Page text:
I. Topic: The United States Homeland Security and The War on Terrorism
II. Thesis Statement: Homeland Security plays a major role in the war on terror.
1. The Homeland Security Act of 2002 reduces the vulnerability of the United States to terrorism.
2. The Department of Homeland Security was created for the war on terror.
3. The role of the Homeland Security Committee.
4. The history of the United States on foreign policy.
5. How terrorists communicate what they want to accomplish.
6. The study of Foreign Intelligence.
7. The Increasing Need for Domestic Intelligence.
8. How security benefits from intelligence.
9. The United States is strengthening our Nuclear Security.
10. How the U.S. is fighting the war on terror.
The Homeland Security Act
Created by President George W. Bush after the 9/11 attacks the United States Department of Homeland Security is the largest federal government reorganization since the Department of Defense was created via the National Security Act of 1947. The new department assumed a large number of services, offices and other organizations previously conducted in other departments, such as the Customs Service, Coast Guard, and U.S. Secret Service. The Department of Homeland Security was created for the war on terror The primary mission of the Department is to prevent terrorist attacks within the United States. Homeland Security reduces the vulnerability of the United States to terrorism. It also minimizes the damage, and assists in the recovery, from terrorist attacks that do occur within the United States.
The role of the Homeland Security Committee
Homeland Security Committee States that
The Committee on Homeland Security was created by the U.S. House of Representatives in 2002 in the aftermath of September 11, 2001. The Committee was first formed as a select, non-permanent Committee, to provide Congressional oversight over the development of the Department of Homeland Security. The Committee was made permanent when it was designated as a Standing Committee of the House on January 4, 2005, the first day of the 109th Congress. The Committee will be made up of 21 Democratic Members of Congress there is currently one vacancy, led by Chairman Bennie G. Thompson (D-MS), and 13 Republican Members of Congress, led by Ranking Member Peter T. King (R-NY).
Frances Townsend currently heads the committee.
Trudeau states that “President George W. Bush said We’re under attack because we love freedom, is why we’re under attack. And our enemy hates freedom. They hate and we love. We differ from our enemy because we love. We not only love our freedoms and love our values, we love life itself. Our enemy hates innocent life.” (2002)
The history of the United States on Foreign Policy
Because of its role as a major world superpower, the United States must carefully consider its national foreign policy goals. Although they may be carried out very differently from administration to administration, the primary goals of American foreign policy are most effective when they remain constant over time. Historically, the United States has pursued a number of foreign policy goals, but one goal has been and continues to be a primary goal of every generation is national security. The Realists point to several factors that demonstrate the importance of national security. They begin by declaring that humans are naturally aggressive and instinctively fight one another. This human tendency reveals the inevitable nature of war. The Cold War which was a period of strong change starting in 1945 led America into a geopolitical mindset for the first time in American history. This period made national security and military affairs the center of focus for America.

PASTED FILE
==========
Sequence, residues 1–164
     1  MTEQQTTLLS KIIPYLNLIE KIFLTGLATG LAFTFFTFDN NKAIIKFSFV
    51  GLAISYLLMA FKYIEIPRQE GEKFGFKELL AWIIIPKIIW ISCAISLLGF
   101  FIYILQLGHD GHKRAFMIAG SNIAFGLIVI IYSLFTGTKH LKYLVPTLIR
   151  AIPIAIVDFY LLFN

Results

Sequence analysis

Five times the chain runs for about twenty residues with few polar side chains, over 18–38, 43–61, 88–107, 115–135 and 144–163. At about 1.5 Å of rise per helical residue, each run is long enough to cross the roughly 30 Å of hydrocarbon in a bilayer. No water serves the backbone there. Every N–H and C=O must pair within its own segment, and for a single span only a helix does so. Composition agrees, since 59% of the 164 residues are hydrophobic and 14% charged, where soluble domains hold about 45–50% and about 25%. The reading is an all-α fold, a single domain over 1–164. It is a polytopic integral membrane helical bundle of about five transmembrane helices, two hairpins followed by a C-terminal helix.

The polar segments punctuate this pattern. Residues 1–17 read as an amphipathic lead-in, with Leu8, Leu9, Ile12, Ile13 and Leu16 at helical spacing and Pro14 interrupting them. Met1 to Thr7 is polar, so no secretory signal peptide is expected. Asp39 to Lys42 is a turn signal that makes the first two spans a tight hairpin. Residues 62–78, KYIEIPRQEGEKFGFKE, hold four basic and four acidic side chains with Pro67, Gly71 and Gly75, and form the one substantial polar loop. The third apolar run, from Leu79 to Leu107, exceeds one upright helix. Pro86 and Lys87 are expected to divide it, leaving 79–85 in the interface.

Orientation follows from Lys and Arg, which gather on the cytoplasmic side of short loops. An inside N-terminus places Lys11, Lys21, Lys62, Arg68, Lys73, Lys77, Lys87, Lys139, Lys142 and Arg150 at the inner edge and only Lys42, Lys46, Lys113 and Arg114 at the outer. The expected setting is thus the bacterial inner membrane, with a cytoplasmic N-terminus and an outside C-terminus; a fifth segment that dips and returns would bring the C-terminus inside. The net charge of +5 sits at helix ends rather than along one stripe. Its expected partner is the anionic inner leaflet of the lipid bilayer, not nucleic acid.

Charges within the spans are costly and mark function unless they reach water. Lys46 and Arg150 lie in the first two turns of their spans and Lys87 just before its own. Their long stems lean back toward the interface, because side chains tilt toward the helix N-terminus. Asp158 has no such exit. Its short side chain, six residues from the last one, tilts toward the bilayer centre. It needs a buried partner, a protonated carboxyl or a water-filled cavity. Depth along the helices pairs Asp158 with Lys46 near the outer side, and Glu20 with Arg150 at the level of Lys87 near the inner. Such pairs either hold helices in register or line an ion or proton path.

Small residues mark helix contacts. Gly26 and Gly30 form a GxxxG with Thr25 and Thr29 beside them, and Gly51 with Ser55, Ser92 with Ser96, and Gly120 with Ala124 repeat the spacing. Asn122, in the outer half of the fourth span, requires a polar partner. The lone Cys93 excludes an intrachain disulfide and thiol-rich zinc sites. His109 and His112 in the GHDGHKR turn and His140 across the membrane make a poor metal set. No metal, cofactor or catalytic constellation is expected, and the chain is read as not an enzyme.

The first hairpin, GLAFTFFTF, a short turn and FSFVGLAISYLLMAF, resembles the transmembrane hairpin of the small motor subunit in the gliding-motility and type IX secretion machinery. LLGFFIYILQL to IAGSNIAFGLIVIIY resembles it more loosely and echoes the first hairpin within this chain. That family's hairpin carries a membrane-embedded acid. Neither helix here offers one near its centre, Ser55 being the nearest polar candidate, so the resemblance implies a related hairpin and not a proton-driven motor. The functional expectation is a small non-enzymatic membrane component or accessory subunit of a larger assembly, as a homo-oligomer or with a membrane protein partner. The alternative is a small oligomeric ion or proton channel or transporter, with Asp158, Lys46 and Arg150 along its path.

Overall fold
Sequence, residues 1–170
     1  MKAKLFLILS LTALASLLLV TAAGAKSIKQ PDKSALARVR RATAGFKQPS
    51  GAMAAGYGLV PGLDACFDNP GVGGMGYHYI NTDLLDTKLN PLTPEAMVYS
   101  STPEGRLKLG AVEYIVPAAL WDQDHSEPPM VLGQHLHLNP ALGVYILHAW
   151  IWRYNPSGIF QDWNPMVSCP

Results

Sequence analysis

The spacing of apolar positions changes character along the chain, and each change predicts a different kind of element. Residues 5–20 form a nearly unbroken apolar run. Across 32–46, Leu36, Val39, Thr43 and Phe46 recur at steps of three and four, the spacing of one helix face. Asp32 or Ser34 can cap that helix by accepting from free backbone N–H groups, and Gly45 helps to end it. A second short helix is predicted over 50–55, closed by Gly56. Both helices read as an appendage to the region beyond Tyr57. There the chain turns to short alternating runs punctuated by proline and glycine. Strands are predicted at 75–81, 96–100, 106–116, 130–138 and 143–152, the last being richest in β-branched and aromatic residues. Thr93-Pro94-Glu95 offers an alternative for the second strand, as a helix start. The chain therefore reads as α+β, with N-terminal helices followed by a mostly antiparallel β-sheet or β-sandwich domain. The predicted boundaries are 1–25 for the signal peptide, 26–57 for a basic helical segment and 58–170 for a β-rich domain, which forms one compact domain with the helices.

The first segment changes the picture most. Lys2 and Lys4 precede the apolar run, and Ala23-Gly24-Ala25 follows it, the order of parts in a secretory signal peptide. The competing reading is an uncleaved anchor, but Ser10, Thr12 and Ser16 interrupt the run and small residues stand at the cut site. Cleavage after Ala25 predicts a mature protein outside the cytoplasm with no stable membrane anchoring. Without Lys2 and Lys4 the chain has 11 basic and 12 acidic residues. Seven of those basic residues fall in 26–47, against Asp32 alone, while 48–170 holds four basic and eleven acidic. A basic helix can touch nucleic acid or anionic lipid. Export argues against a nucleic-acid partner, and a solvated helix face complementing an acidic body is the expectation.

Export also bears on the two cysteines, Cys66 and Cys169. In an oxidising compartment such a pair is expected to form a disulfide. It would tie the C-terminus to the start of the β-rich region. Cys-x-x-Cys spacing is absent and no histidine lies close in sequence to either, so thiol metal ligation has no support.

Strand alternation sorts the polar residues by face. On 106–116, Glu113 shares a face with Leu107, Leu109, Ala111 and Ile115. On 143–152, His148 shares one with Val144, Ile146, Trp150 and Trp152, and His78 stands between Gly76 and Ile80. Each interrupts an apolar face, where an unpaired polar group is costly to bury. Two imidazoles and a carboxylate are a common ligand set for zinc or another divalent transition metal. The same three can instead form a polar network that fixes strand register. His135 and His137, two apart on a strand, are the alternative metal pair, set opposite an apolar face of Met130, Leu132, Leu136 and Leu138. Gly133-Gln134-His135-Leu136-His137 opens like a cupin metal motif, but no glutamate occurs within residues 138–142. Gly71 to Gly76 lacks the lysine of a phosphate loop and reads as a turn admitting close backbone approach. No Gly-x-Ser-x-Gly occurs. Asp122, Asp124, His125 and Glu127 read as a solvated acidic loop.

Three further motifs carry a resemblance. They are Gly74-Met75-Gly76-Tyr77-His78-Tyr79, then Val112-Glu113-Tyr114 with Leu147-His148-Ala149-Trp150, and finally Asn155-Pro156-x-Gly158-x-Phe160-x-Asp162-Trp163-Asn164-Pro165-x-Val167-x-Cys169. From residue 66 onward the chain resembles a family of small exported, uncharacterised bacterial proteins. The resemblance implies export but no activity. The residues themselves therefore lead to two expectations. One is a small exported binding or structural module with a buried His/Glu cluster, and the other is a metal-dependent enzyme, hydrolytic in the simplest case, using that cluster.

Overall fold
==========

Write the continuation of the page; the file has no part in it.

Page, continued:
This gave way to the idea of national security being a strong focal point of the American agenda. It made it equally as important as anything else did on the agenda. Also the United States was now a state of mobilization. The armed forces would now and always be at a striking force. All of the changes were something new to the people of America but it was an idea that was not only accepted it was expected. The same rings true with 9/11 in relation to the role of America. Our sole focus is national security and to put our military at a point of being called upon any second. The United States has embraced the idea that things have changed and are willing to do whatever possible to prevent future events of this magnitude. Another characteristic that the Cold War Period and 9/11 hold in common is that both were a pervasive political and military competition that dominated international politics.
On September 11, 2001 terrorism became a reality! There is no way for the United States to prevent future attacks on Americans without working as a coalition force with the other nations to identify, track, and eliminate terrorist networks around the world. One of the main problems with fighting a war on terrorism is that the nations of the world have become accustomed to working alone as individuals vice working together. The United States will need to change its approach in order to conquer the worldwide threat of terrorism. The way to defeat terrorism at home and around the world is to form an international counter-terrorist task force.
In order to prevent future acts of terrorism on the United States and around the globe, the free-nations of the world will have to come together and form a large task force to counter against the terrorist threat. The main problem with forming a world wide counter-terrorist headquarters is that there is no one single definition of terrorism. Each country has a definition of the word “terrorism” based on the political stance that the country takes on use of force. The United Nations must first come up with a clear definition of terrorism in order to facilitate the creation of an international counter-terrorist organization. How Terrorists communicate what they want to accomplish
Terrorists kill for a reason. The reason is to communicate a message that will instill fear in the enemy government and demoralize it. The strategy of terrorists is to provoke the government into repressive measures in the hope that this will cause a revolt.